Motion to Approve

Part of Banking Act 2009 (Exclusion of Insurers) Order 2009 – in the House of Lords at 5:19 pm on 10th December 2009.

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Photo of Lord Davies of Oldham Lord Davies of Oldham Deputy Chief Whip (House of Lords), HM Household, Parliamentary Under-Secretary, Department for Environment, Food and Rural Affairs, Captain of the Queen's Bodyguard of the Yeomen of the Guard (HM Household) (Deputy Chief Whip, House of Lords) , Parliamentary Under-Secretary (Department for Environment, Food and Rural Affairs) (and Deputy Chief Whip) 5:19 pm, 10th December 2009

My Lords, there was one blissful moment when the noble Lord, Lord Newby, said that his speech had been pre-empted in which I thought that he was suggesting that mine had pre-empted it. Alas, that was not so; he was referring to the noble Baroness's speech, which means that I have to address myself to both noble Lords.

The issue is straightforward. It is a question of whether we think that the insurance industry is likely to face systemic risk in the way in which the banks did, and for which the Banking Act was subsequently passed to provide for the special resolution regime to deal with that matter. Insurance companies are different, a point that I made in my opening contribution. Above all, they differ from banks in the much lower importance of liquidity risks, which had a central role in the banking crisis. We all recognise that the liquidity risks to which the banks exposed themselves were somewhat removed from the general interpretation, hence the overextension of the banks into diverse financial systems, as a result of which some eventually suffered. The insurance industry has not suffered a general worldwide crisis over the past two years. The banks may have gone through their worst crisis for the past 70 years, but that is not the case with the insurance industry. That does not mean that it has not been affected; of course it has. However, the way in which risks crystallize, and the timescales in which they do so, are different in insurance. As we all recall from our long deliberations about the special resolution regime, it is directed towards an emergency and moves with force and speed to deal with a bank in crisis. We just do not see the insurance industry constructed in that way.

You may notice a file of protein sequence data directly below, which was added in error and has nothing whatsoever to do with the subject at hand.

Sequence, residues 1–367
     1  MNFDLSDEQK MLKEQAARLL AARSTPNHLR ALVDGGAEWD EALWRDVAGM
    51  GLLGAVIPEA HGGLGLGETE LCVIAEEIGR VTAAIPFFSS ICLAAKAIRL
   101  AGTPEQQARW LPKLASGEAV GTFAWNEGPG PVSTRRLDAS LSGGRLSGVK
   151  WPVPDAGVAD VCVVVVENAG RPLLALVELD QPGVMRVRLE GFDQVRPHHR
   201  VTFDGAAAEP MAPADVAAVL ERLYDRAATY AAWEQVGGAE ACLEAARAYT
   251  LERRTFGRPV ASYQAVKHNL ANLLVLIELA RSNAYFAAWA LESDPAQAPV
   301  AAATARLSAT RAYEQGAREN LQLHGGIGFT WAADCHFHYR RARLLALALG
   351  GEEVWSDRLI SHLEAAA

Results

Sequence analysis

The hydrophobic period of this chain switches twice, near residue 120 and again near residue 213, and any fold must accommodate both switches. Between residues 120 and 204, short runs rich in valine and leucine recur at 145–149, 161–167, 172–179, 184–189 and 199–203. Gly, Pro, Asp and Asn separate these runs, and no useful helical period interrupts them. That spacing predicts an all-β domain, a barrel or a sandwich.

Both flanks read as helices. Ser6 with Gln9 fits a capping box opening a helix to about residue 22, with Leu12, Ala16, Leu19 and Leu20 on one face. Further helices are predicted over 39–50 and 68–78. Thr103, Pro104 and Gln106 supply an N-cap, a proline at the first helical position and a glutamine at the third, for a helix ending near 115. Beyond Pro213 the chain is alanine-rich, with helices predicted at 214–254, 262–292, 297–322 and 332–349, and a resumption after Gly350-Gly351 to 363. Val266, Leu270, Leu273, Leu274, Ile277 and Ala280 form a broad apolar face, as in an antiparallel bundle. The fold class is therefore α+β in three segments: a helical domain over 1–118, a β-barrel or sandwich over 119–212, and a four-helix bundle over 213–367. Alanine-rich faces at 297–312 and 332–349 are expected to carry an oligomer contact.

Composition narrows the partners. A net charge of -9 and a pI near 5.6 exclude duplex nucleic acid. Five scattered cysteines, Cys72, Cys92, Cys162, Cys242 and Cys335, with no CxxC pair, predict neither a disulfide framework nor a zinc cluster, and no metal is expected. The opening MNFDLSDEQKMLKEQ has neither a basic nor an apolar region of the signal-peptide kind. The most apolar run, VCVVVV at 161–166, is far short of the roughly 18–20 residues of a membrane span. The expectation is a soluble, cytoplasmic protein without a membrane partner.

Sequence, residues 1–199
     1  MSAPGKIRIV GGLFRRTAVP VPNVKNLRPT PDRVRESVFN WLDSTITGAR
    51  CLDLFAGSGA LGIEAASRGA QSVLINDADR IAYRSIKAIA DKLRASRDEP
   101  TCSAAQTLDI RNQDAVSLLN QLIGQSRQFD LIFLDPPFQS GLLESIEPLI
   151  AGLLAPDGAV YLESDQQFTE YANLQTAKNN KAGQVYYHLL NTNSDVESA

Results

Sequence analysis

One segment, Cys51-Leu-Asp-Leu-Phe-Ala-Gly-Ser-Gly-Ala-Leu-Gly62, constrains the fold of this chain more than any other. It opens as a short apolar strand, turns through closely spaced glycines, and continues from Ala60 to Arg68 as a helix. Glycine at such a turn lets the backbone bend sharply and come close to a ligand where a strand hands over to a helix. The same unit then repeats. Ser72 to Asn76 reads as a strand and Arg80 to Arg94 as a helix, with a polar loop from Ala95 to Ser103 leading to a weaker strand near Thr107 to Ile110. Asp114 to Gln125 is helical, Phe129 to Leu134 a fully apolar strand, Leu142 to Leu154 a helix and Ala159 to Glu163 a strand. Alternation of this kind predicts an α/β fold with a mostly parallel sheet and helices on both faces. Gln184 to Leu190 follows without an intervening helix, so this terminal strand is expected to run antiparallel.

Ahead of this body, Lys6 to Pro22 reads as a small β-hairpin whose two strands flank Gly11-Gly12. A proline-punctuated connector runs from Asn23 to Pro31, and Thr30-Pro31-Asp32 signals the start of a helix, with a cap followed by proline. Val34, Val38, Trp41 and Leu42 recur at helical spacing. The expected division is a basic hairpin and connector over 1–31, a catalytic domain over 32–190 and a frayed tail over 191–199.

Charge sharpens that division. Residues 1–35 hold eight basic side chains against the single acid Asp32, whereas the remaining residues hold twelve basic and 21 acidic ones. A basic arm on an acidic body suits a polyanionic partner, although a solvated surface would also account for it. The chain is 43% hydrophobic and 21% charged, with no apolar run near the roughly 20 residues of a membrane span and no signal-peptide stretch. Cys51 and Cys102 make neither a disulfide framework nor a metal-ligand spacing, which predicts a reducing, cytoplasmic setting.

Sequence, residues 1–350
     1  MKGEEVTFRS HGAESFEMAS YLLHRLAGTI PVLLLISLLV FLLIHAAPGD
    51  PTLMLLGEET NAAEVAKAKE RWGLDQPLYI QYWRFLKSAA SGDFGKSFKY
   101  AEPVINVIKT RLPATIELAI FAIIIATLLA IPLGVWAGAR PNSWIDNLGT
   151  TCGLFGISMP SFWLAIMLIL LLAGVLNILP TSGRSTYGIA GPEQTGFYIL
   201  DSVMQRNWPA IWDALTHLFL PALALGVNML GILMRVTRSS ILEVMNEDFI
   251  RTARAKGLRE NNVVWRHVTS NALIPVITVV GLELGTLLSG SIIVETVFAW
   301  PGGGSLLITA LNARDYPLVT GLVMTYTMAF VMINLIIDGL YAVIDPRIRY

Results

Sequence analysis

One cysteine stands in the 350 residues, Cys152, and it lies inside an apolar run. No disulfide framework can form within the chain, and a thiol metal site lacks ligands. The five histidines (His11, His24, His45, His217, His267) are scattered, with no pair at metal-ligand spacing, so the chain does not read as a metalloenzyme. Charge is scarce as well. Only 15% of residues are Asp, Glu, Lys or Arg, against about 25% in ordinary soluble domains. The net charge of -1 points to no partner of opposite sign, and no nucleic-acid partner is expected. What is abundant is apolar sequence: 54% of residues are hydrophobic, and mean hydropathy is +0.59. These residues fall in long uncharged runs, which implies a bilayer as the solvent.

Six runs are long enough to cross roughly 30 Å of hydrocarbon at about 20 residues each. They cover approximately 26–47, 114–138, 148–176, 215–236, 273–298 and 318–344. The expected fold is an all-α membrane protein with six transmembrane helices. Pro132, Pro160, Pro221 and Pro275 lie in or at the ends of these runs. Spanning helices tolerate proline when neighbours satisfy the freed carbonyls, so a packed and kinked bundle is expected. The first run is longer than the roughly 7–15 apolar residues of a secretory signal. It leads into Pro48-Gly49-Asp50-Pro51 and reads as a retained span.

The regulation of insurance companies needs to be different from the regulation of banks. Of course we identify and track carefully all the potential consequences knocked on from any sector to another, but the simple fact is that insurance companies are not subject to the same risk as the banks. That is why the order provides for the exemption.